Hamburg Escape Rooms: Adventure Team

One of the less central venues in Hamburg, Adventure Team is located about two minutes’ walk from a metro station, so don’t let its location put you off from visiting. They’d just opened their third game, but it wasn’t available in English yet, so we only played their first two. It’s testament to how much we enjoyed ourselves that we tried very hard to convince them to let us play game #3. I’d heartily recommend you play both their rooms – I enjoyed each of them in different ways, and which you prefer will likely come down to which theme appeals more.

They Stole a Million felt like a traditional game, while Countdown to Meltdown was much higher tech, but those different styles fitted pleasingly with their respective themes. The games felt very consistent, so I’d have no doubt that their new one, The Time Doctors, will also be high quality. There is one aspect of their rooms which is a “like it or loathe it” feature, but sadly I can’t tell you what without spoilers…

Spoiler - click to expand
Time isn’t consistent in their world – it may speed up in certain circumstances. For some, that will add in the extra pressure that experienced players often miss out on. Personally, I don’t like games that “punish” you for playing well. It’s very much a personal preference, though, so for some people it just won’t be a big deal.

They Stole a Million (4.5 stars)

Good games start before the timer is running. In this case, there’s a short introduction video in the lobby, after which you have to rush off to your room and break into the game itself using tools from your thieves’ toolkit. I’ve said it in other reviews, but I love that added immersion of having to break into a game before you start. It works particularly well here if you’re playing with two teams, because everyone can watch the intro at the same time (with headphones so that it’s in English or German as you desire!), and then the two teams start at exactly the same moment. To add to the experience, it’s also a nicely produced video with some humour thrown in. Yes – this game got itself off to a great start.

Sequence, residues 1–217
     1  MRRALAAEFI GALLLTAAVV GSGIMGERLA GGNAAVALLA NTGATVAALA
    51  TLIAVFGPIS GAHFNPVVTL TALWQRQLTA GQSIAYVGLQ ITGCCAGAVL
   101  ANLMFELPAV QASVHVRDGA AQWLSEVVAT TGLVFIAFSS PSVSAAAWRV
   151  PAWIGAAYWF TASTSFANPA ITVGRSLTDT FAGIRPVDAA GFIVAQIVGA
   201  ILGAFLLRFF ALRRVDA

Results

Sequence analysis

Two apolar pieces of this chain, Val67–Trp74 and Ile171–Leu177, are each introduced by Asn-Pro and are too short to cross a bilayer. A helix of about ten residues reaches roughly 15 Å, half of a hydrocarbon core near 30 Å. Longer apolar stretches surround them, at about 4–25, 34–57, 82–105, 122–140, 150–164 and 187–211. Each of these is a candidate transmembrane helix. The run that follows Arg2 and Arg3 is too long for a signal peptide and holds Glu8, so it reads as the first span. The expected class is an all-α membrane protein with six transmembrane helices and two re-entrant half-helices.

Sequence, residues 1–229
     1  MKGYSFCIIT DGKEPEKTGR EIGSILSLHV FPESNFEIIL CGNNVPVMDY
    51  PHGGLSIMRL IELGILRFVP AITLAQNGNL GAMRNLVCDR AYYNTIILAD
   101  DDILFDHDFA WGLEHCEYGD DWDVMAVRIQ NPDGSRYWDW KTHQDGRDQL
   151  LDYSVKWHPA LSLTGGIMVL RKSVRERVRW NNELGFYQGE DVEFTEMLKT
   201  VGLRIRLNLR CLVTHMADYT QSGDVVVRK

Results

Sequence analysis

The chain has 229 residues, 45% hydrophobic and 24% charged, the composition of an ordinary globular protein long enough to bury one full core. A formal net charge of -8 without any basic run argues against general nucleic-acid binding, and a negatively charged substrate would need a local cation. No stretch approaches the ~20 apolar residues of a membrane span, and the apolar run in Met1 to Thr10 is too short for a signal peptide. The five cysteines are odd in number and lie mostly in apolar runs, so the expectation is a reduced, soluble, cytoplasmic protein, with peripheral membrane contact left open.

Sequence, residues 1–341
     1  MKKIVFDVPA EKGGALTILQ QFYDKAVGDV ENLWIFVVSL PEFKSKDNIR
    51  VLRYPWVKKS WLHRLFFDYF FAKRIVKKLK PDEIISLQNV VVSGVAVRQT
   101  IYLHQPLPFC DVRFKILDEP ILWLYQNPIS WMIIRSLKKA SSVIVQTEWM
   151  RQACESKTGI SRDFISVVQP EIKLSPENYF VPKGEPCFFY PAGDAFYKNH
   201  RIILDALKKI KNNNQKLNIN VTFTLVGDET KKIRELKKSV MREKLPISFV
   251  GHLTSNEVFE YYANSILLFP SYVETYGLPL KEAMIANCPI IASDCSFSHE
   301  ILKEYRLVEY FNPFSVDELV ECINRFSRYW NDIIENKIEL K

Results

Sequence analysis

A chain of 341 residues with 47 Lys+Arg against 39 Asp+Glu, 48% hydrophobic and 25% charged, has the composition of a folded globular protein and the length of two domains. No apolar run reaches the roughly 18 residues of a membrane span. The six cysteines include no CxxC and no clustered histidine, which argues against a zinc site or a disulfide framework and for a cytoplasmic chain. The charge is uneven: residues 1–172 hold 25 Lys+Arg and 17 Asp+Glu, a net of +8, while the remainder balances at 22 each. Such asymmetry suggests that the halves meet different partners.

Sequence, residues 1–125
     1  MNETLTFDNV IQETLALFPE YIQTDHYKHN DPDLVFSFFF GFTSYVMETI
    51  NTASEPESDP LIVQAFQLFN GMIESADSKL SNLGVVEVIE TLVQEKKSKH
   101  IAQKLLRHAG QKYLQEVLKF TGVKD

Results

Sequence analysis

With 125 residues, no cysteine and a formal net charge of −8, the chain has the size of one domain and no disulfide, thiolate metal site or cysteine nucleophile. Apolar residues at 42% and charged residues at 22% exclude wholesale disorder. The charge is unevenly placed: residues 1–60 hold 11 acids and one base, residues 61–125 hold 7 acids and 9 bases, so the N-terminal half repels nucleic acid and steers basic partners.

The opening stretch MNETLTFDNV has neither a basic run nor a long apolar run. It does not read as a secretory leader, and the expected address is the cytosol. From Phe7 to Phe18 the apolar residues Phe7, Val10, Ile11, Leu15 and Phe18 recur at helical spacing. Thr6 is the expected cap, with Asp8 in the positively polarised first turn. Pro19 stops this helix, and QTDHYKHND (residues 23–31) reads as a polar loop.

Inside the room, the game started off fairly humdrum: a bare office with nothing that looked particularly exciting. However, as the game progressed, it became clear that this was a deliberate design choice and they had plenty of more engaging content. One thing I did like, that occurred a few times during the game, was the sense of anticipation they created. Firstly, before you enter they give you the toolbag. What’s inside? Then, once you know what’s inside, you wonder how/where/when you’ll use them. Later in the game, there are times when you see items that are tantalisingly out of reach. There’s a constant feeling of wanting to progress not just because you want to beat the puzzles and the game but because there’s something just ahead of you that looks interesting.

This game could just have been a run-of-the-mill heist, but it was in the little details of immersion that they really made it their own. As a non-spoiler example, the object of the game is to steal a rare stamp. In most games of this genre, that would have been a diamond. Here it was a stamp, which allowed them to add an extra piece of immersion to the theft: you have to retrieve it with tweezers in order to protect it. In the context of completing the game, that makes no real difference (you get told to do it in the intro video, and there’s nothing technically difficult about it). But in the context of immersion that makes a world of difference – it feels like you’re really taking something valuable in a way that diamond games never really do.